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Document Type:Latin Dissertation
Language of Document:English
Record Number:55689
Doc. No:TL25643
Call number:‭U615656‬
Main Entry:Louise Prentis Woodroofe
Title & Author:Buried in the sands of the Ogaden: The United States, the Horn of Africa and the demise of détenteLouise Prentis Woodroofe
College:London School of Economics and Political Science (United Kingdom)
Date:2007
Degree:Ph.D.
student score:2007
Page No:251
Abstract:The decade of the 1970s, despite representing the era of detente, superficially appeared to be one of Soviet successes and American setbacks. From Vietnam to Angola, the USSR seemed to be gaining Marxist friends in the Third World. Because of this, the Soviet Union wanted the United States to recognize it as an equal power in the world. With such acknowledgement, the Kremlin believed that negotiations to limit the arms race would then be mutually beneficial. On the other hand. President Nixon and Secretary of State Kissinger interpreted detente as a series of agreements and compromises to draw Moscow into an international system through which the United States could exercise some control over Soviet foreign relations, particularly with the Third World. These differing interpretations would prove to be the inherent flaw of detente and nowhere was this better illustrated than in the conflict in the Horn of Africa in 1974-78. This dissertation aims to trace the responses of the Ford and Carter administrations to events in the Horn of Africa and their ultimate effect on Soviet-American bilateral relations. Through archival research at the Ford and Carter Libraries, the National Archives and Records Administration, the National Security Archive, and interviews with key participants, it will discuss the formation of American policy toward the Horn and how disagreements over the region influenced superpower detente, causing President Carter's National Security Advisor, Zbigniew Brzezinski, to claim that "SALT (Strategic Arms Limitation Treaty) lies buried in the sands of the Ogaden." My particular focus will diverge from previous authors in its emphasis on the Horn of Africa conflict being the catalyst that exposed the failure of detente and a decisive element in President Carter's transition from favouring conciliation to choosing confrontation with the Soviet Union.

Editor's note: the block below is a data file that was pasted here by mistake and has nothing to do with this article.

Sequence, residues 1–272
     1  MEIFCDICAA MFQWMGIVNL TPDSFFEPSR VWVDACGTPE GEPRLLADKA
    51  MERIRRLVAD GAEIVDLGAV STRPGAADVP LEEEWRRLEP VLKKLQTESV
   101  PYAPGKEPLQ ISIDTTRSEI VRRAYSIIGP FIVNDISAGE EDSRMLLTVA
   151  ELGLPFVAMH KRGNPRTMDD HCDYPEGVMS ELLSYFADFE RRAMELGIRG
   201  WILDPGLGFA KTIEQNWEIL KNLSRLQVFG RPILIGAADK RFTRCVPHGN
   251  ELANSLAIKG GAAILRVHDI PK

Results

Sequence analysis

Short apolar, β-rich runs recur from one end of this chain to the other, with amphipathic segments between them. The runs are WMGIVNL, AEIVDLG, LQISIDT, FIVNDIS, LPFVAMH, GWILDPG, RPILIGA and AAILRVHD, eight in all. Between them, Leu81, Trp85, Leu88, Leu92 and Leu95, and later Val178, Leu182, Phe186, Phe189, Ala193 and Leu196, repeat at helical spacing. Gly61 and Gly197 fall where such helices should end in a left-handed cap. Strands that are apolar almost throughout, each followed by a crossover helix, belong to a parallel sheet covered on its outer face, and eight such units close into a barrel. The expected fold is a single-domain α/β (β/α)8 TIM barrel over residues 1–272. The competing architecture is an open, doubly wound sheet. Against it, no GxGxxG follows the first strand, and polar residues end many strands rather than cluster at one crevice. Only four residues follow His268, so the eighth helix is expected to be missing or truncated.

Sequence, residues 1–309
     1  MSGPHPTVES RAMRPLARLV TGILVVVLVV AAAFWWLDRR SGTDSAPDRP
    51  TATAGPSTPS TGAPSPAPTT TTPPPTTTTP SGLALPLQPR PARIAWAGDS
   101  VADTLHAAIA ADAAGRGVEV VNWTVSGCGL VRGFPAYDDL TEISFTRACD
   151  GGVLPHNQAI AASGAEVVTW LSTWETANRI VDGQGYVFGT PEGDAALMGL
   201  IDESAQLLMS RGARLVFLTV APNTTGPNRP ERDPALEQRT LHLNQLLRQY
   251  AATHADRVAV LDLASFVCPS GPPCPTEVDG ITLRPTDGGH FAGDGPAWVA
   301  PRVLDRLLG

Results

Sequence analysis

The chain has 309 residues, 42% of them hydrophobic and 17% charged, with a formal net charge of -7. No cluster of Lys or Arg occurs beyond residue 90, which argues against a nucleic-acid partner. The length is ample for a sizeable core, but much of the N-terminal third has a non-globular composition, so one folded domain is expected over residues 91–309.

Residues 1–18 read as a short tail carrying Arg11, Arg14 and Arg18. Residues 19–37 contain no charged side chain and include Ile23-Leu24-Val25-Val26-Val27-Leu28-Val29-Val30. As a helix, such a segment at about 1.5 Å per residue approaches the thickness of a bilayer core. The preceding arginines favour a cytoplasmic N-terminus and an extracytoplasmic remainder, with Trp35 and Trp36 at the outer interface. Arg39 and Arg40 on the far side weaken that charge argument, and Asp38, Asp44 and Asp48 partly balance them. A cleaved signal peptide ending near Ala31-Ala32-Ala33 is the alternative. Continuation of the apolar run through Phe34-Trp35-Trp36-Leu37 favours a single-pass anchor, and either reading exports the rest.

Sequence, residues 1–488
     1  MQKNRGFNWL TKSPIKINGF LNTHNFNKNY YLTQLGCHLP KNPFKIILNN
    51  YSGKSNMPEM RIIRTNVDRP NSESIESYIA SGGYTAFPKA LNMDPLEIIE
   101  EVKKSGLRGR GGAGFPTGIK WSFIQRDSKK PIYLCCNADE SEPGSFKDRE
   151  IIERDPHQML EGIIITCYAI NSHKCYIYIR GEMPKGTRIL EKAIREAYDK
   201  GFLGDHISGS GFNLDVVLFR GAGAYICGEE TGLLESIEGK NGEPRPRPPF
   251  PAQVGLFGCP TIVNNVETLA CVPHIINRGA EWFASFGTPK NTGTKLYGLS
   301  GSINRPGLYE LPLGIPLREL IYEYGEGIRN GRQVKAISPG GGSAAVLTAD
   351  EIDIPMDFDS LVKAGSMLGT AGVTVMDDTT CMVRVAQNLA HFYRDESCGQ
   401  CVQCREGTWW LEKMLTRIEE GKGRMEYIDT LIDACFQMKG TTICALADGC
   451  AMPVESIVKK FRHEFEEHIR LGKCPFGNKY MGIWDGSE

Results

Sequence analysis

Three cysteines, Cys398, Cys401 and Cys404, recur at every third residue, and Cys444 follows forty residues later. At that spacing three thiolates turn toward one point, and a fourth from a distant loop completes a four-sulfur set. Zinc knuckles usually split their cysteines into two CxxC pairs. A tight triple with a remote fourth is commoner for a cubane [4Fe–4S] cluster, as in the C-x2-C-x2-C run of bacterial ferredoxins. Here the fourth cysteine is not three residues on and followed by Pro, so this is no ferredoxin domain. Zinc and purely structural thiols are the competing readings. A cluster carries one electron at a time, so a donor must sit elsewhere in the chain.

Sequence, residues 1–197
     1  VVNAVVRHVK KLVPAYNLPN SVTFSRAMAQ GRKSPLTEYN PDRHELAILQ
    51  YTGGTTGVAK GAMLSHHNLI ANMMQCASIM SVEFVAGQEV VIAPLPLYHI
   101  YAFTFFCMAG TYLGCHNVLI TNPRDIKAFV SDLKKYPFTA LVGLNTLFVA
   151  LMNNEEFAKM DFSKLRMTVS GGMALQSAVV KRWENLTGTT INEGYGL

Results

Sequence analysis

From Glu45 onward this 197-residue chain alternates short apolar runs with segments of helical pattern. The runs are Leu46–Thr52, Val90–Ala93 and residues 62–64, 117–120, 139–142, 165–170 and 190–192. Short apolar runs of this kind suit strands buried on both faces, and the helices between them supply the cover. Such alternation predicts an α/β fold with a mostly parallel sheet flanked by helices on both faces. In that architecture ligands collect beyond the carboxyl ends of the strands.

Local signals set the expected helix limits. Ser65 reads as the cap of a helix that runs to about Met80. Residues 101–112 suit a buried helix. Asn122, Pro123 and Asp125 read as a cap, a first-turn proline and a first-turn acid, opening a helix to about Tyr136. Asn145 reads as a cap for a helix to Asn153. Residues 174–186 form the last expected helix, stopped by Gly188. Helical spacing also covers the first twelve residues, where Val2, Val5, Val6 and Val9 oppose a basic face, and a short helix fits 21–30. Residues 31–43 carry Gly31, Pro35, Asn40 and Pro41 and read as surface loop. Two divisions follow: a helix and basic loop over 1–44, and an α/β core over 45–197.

Subject:(UMI)AAIU615656; Social sciences; Detente; Djibouti; Eritrea; Ethiopia; Somalia; African history; International Relations; 0601:International Relations; 0331:African history
Added Entry:London School of Economics and Political Science (United Kingdom)